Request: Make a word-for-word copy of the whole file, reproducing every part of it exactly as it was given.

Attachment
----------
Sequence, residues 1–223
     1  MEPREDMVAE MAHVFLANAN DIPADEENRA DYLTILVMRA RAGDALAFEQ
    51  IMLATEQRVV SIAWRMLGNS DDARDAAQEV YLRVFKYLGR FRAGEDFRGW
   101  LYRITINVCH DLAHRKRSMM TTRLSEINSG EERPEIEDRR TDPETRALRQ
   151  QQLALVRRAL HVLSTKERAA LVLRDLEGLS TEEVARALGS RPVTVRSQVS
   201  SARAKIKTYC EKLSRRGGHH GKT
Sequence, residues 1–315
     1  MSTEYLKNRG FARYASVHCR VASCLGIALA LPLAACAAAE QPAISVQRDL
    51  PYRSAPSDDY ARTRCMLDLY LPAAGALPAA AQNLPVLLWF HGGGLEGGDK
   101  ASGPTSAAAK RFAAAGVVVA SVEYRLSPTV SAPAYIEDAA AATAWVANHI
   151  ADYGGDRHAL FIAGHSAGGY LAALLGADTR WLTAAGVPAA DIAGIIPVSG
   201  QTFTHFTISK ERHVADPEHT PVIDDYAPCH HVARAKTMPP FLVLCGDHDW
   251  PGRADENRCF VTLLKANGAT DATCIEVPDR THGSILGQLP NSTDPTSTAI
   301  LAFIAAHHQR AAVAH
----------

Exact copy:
Sequence, residues 1–223
     1  MEPREDMVAE MAHVFLANAN DIPADEENRA DYLTILVMRA RAGDALAFEQ
    51  IMLATEQRVV SIAWRMLGNS DDARDAAQEV YLRVFKYLGR FRAGEDFRGW
   101  LYRITINVCH DLAHRKRSMM TTRLSEINSG EERPEIEDRR TDPETRALRQ
   151  QQLALVRRAL HVLSTKERAA LVLRDLEGLS TEEVARALGS RPVTVRSQVS
   201  SARAKIKTYC EKLSRRGGHH GKT
Sequence, residues 1–315
     1  MSTEYLKNRG FARYASVHCR VASCLGIALA LPLAACAAAE QPAISVQRDL
    51  PYRSAPSDDY ARTRCMLDLY LPAAGALPAA AQNLPVLLWF HGGGLEGGDK
   101  ASGPTSAAAK RFAAAGVVVA SVEYRLSPTV SAPAYIEDAA AATAWVANHI
   151  ADYGGDRHAL FIAGHSAGGY LAALLGADTR WLTAAGVPAA DIAGIIPVSG
   201  QTFTHFTISK ERHVADPEHT PVIDDYAPCH HVARAKTMPP FLVLCGDHDW
   251  PGRADENRCF VTLLKANGAT DATCIEVPDR THGSILGQLP NSTDPTSTAI
   301  LAFIAAHHQR AAVAH